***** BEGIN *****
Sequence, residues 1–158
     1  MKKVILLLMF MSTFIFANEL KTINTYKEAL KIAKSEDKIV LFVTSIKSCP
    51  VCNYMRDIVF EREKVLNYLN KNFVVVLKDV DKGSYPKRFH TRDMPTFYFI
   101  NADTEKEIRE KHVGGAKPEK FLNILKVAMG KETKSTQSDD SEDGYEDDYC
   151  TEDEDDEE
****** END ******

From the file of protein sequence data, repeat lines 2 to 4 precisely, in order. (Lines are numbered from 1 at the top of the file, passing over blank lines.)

     1  MKKVILLLMF MSTFIFANEL KTINTYKEAL KIAKSEDKIV LFVTSIKSCP
    51  VCNYMRDIVF EREKVLNYLN KNFVVVLKDV DKGSYPKRFH TRDMPTFYFI
   101  NADTEKEIRE KHVGGAKPEK FLNILKVAMG KETKSTQSDD SEDGYEDDYC